Blended Value – This is another slippery concept which, like social enterprise, is open to broad interpretation. At its core, however, blended value is about businesses or non-profits delivering a blend of economic, social and environmental value as part of it mandate. This takes the concept of “triple-bottom line” a bit further by arguing that these aims should be part of a holistic approach instead of just separate categories. (Unfortunately, due to the nature of some businesses the blending is more like oil and water than milk and coffee). Read more about it here.
SGSB/SME – Small and Growing Social Businesses or Small and Medium Enterprises are two terms used to describe up and coming businesses that have the potential to scale up and deliver far-reaching impact across many communities.
Base of Pyramid – This concept holds that there are an awful lot of people who do not make or spend much money in the world and are hence largely ignored by most mainstream businesses. The theory goes that if a company can reach BoP consumers with their products or services, this will have a profound impact on the overall economy (for better or worse). By serving the needs and demands of the base of the pyramid effectively, companies can make large returns from relatively small margins due to the economies of scale. Read more here.
Participatory Approaches – Based on the work of Robert Chambers in “Whose Reality Counts?” participatory approaches and methods are about reversing the typical top-down, expert-driven power dynamic of traditional development. Instead of designing (usually poorly) the project from a far, implementing something using experts from overseas and leaving. P.A. is about leaving the conception and control squarely in to the hands of the people who are living with the project and giving them discretion about how and where to use outside “expert” help. EWB attempts to do this (though not perfectly) through being a value add partner that local businesses and governments can bring in as they choose. We are aiming to be “on tap”, not “on top”, but there are many systemic issues in the nature of development that prevent this from truly being the case.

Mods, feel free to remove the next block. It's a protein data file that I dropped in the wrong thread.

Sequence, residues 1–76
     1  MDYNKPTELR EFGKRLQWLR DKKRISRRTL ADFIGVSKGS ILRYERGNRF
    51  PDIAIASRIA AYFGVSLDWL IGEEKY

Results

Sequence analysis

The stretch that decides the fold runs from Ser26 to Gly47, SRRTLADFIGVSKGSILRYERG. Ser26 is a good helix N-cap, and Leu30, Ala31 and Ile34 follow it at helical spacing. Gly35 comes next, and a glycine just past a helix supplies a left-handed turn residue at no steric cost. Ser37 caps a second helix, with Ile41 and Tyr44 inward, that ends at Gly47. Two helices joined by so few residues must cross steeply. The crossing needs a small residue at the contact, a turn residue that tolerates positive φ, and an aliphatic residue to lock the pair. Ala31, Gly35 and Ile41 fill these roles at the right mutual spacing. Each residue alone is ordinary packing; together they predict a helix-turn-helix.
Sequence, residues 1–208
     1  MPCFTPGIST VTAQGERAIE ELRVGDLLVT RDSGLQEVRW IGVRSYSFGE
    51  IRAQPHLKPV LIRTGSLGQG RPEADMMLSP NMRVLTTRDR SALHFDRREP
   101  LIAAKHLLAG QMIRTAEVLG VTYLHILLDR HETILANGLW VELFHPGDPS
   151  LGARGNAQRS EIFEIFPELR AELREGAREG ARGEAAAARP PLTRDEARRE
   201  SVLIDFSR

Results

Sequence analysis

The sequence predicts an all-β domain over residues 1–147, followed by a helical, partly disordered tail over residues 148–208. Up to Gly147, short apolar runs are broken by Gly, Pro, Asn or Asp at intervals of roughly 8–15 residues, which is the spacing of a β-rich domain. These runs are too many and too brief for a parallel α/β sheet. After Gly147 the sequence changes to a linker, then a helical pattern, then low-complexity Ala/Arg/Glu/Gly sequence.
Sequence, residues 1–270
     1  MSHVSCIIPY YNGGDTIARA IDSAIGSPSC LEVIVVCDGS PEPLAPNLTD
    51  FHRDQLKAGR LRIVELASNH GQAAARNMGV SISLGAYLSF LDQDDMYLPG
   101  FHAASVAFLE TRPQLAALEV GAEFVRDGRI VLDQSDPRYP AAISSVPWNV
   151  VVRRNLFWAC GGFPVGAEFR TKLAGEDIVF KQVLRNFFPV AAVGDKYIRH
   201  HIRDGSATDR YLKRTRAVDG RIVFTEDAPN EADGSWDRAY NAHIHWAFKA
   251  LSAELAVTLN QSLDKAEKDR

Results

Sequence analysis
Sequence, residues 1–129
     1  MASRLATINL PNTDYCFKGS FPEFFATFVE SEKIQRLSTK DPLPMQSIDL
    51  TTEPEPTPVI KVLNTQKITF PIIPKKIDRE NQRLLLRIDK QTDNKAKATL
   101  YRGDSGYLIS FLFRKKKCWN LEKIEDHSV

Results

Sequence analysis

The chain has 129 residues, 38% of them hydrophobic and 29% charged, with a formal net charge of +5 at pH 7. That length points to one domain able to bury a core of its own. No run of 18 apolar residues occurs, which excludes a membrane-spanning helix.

EWB and Systemic Innovation
Through its earlier work (2005-2011) in water and sanitation in Malawi, food system in Ghana and Burkina Faso, and governance and rural infrastructure also in Ghana, EWB was exposed to many levels of interactions from high level aid decisions, to local government program implementation, to the effect of these programs on the citizens of these countries. Through this perspective a trend started to emerge that was starkly different from much previous technology-based development thinking. The realization was that instead of focusing on broken water pumps, low harvests, ineffective government programs and other inputs, outputs or technologies, a better way to achieve lasting, resilient, locally directed, and scalable change, was to take a much broader approach. Instead of focusing on implementing “solutions”, EWB decided it was better to first understand the “systems” from which these symptoms manifest and design ways to create change from within. This systemic approach has since become EWB’s specialty and has allowed it to use its limited resources and people on the ground much more effectively. This approach was codified after much internal debate and dialog into EWB’s current vision as a leader in “systemic innovation” in January 2012.